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Re: 8" EQ's - Celestron Vs. Apogee (also Orion)

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Posted by Adam E. on February 26, 2000 20:24:15 UTC

: : I'm looking @ a Celestron G-8n (f/10)for $699.00 vs. an Apogee 8" Newt.(f/4)with motor drive and hand controller for $100.00 less. Why? Being new to all this, I would assume it has something to with the focal ratio, or is the Apogee just poor quality? Could someone explain to me in simple terms what focal length is, and it's importance when comparing scopes? : : Thanks!

: : About the Celestron Gn8 and the Apogee-- The Celestron is on a heavier mount, which is a Chinese-made knock off of the Vixen Great Polaris (and probably not as good IMHO). The Apogee is on a much lighter mount.

: The Celestron 8" F5 tube has a glass element at the focuser (I think) which is supposed to serve as a coma corrector/field flattener. I also suspect that it does a bit more (later).

: The Apogee tube appears to be the same unit sold under many other names, all for about the same price. It is made in Taiwan. How good is it? I dunno. Consider that the Vixen 8" F4 optical tube, which is very well made, sells for roughly $1000--without the mount!

: Which brings me back to the Celestron. You get the tube and mount for less than $700. Remember that coma corrector/field flattener? I suspect it also corrects for a spherical mirror. A spherical mirror is MUCH cheaper to make than a paraboloidal mirror, and if this is the case, you should consider that there are limits to what the corrector can do in addition to its other duties. Celestron may clarify this.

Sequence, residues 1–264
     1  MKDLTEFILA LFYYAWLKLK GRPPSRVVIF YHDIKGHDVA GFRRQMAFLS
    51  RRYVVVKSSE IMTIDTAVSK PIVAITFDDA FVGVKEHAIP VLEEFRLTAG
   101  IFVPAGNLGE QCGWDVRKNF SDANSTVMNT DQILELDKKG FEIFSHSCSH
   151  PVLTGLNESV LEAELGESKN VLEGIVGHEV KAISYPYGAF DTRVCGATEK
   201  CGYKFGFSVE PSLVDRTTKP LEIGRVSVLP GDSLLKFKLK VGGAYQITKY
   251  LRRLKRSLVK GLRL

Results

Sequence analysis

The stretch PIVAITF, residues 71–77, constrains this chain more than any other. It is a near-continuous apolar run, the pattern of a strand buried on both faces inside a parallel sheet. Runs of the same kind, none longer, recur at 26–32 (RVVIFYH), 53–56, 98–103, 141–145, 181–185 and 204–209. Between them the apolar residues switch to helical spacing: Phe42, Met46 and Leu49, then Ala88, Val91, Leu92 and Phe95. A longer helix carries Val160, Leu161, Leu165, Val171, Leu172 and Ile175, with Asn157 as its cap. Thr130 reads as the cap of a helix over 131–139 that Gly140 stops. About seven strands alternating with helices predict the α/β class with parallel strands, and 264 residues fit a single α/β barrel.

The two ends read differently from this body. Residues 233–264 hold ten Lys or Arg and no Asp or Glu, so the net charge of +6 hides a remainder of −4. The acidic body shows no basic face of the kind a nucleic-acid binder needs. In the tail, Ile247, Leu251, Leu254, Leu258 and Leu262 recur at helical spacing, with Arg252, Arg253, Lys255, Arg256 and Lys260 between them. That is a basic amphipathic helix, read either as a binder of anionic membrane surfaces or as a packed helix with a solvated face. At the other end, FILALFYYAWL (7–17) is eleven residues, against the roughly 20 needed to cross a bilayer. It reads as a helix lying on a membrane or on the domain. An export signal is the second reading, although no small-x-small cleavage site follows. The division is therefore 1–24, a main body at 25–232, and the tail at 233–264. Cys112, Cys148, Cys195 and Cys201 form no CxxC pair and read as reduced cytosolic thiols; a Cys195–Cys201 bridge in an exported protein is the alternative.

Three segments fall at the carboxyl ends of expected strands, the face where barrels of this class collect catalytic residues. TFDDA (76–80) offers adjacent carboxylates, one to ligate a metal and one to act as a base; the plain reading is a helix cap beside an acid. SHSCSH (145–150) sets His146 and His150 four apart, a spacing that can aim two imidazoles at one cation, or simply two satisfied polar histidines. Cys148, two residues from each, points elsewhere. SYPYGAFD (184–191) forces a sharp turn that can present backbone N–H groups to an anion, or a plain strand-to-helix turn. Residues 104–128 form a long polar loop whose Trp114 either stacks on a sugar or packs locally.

: I hope this is not too late to be of help.

: I have been in the market for an 8" reflector myself. Here's what I have learned about the G-8N and a different alternative, the Orion Skyview 8" EQ. The primary mirrors in both are parabolic, and the corrective optics are in the tube in front of the elliptical mirror (it sounds like it is just one lens). The G-8N uses 4 vanes, the Orion uses three. A user of a G-8N told me that the crosses in the Airy circles were irritating, though I suppose this is a matter of taste.

: The Orion has a shorter tube and is still faster (f/5 vs. f/4), not a great thing for planets, I suppose. An Orion salesperson told me that the EQ mount for the Orion scope was at its limit (not a good sign), but that the Celestron G-8 (a SC) is not overmatched for its mount, the CG-5. This is the same mount used for the G-8N, and as the tube weighs about the same as the G-8, my guess is that the CG-5 mount is quite a bit sturdier than the Orion version.

: Based on what I have learned, the best options in a reflector with an EQ mount are 4.5-6" models that avoid corrective optics (e.g., Celestron 150HD or Orion Skyview 6), or (better) a 8-10" Dobsonian. For a little more than the cost of the Celestron G-8N, you can get a Meade LDX500, a CS on an EQ mount, which would get you superior optics for planets at the cost of field-of-view.

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